Constructive and Unconstructive Criticism: How to handle and benefit from both

business men phonecallLet’s face it – for most of us, criticism is very hard to hear, especially if the person delivering the criticism isn’t exactly subtle about it. Whether it comes in a constructive or unconstructive form, as a voice-over artist, you’re bound to face criticisms of all kinds on your work, often in an unsolicited manner.

Take the time my Mom was at my place when I was recording a callback for a big audition. I really wanted the job, and I was excited to have made it to the next step in the process. I was feeling confident that the client liked what I had to offer, and I was fired up about heading to the mic to lay down some awesomeness. My Mom sat there quietly at first, but when I started editing the tracks in order to submit them, she suddenly spoke-up. “You sound fake. You need to sound more like you mean what you’re saying. It doesn’t sound very good.”

Well, I didn’t react well to this. AT ALL. I immediately snapped back, “You don’t really know what you’re talking about, so I don’t need your advice.” I was offended, angry, and hurt. In that moment I was completely unable to hear anything she had to say. More importantly, I was unwilling to accept that her criticism could possibly have any value. I stopped editing, made us some lunch, and in a couple of hours my Mom was on her way back home.

That’s when a funny thing happened: I went back to editing my takes, and do you know what? She was right. My delivery sounded hollow. I was on autopilot and I wasn’t connected to the copy. I didn’t sound like I meant what I was saying. I scrapped the whole session and re-recorded it with clarity, intent, and purpose. I didn’t get the gig, but I learned something: that criticism, even when it sounds unconstructive, can be very useful, and that I had no idea how to deal with criticism, let alone accept it.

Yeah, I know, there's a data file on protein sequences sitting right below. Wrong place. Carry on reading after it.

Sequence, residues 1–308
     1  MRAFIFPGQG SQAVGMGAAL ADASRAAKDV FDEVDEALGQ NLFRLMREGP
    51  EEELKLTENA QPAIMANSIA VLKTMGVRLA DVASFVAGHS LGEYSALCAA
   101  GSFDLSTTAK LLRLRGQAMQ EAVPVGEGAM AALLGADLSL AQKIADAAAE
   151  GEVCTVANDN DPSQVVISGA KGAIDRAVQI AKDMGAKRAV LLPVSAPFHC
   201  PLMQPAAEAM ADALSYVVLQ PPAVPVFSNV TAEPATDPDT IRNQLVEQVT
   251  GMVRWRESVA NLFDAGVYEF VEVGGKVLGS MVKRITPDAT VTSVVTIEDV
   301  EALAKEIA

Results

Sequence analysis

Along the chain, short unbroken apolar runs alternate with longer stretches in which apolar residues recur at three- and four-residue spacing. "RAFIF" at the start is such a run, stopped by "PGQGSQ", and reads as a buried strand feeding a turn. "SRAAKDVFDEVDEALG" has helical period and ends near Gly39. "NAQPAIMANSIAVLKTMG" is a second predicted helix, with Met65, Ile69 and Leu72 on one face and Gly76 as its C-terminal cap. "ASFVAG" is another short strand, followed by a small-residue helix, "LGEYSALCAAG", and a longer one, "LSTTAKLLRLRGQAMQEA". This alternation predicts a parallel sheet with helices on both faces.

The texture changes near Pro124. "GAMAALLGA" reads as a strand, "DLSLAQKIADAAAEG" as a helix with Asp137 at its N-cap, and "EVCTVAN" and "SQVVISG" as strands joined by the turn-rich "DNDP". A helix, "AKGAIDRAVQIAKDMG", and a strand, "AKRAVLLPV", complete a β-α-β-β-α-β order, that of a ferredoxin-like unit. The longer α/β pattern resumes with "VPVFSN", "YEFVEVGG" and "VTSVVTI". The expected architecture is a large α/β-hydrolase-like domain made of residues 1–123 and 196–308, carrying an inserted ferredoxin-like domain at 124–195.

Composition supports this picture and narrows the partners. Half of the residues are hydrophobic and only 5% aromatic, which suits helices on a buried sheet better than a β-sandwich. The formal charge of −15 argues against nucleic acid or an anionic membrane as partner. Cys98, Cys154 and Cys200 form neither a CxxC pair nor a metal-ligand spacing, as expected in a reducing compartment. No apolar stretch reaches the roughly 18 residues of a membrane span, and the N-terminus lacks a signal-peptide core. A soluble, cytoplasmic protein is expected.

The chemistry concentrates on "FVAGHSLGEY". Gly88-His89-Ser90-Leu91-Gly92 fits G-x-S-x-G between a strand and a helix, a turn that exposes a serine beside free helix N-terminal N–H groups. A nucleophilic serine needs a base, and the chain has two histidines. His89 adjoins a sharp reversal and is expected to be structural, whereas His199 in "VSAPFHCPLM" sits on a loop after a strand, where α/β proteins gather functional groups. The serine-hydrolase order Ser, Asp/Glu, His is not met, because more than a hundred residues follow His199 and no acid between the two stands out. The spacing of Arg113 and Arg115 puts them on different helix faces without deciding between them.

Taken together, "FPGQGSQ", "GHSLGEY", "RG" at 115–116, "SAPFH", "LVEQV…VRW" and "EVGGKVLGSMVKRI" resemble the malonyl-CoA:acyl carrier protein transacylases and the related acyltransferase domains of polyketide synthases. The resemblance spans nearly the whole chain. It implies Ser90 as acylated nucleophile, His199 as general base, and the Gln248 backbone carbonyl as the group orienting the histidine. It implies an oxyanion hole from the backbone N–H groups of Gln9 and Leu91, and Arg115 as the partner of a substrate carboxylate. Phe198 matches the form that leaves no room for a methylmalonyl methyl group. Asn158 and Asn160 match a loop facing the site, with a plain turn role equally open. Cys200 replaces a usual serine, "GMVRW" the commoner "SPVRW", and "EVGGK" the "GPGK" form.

Learning to make the most of criticism took me some time, and I’m still working on mastering it. Here are some practices that have helped me along the way:

Accept criticism with grace. First, resist the urge to react immediately to critical feedback. It’s easy to feel defensive and to immediately fire back at the critic with anger or a counter-argument, or even to panic in that moment. Instead, take a deep breath and refrain from reacting. Then, remind yourself of the potential benefits of receiving criticism, no matter the form it comes in: improving your work, providing a better product to your clients, furthering creativity, or learning something valuable about yourself.

Consider the source. Who is delivering the criticism, and do you value their opinion? If they’re a client, chances are you should take their criticism seriously in order to successfully provide them with what they need. Maybe the person is someone who thinks they’re an expert, but just likes to give criticism in order to feel superior and in control. While both situations can offer something valuable, you definitely want to take some opinions with the proverbial grain of salt.

Listen critically to the criticism. Yup, that’s what I said. If you can separate your emotions from the experience of receiving criticism and really hear what is being said, then you can strive to understand the points being brought up. While receiving criticism is difficult, giving it can be very hard too. As a result, even a person with the best intentions can give criticism in an insensitive or unclear way. Don’t interrupt the person, and once they are done speaking, calmly ask follow-up questions that can further help you to understand what they are really trying to say.

Take notes!  Writing it down makes the criticism feel less personal. Then make a pros-and-cons list with what bothers you about the criticism you just received in one column, and what seems useful about it in the other.

Distance yourself from the criticism, then come back to it later. Once the interaction is over, walk away if possible. If time allows, try to put all the information and the processing of the experience aside. Do something nice for yourself, then come back later with a fresh perspective. Hopefully you’ll find the things that can help you grow as a voice-over actor, and move forward having learned something from the experience.

Having an opportunity to better yourself and your work is a gift, even though it doesn’t always come in the prettiest wrapping. In the end, earning to deal with criticism in all it’s forms in an honest and proactive way is a positive thing. Even when it comes from your Mom!

Want to dig deeper into the world of constructive criticism? Check out our Marketing & Career Advisory Program with Joleene Derks.

Claudine is also an Emmy Award-winning director/producer, commercial and promotional voice talent for brands like Verizon, Listerine, and MasterCard, native Brooklynite, published photographer, and and was the live announcer for the first ever televised Hollywood Film Awards on CBS.




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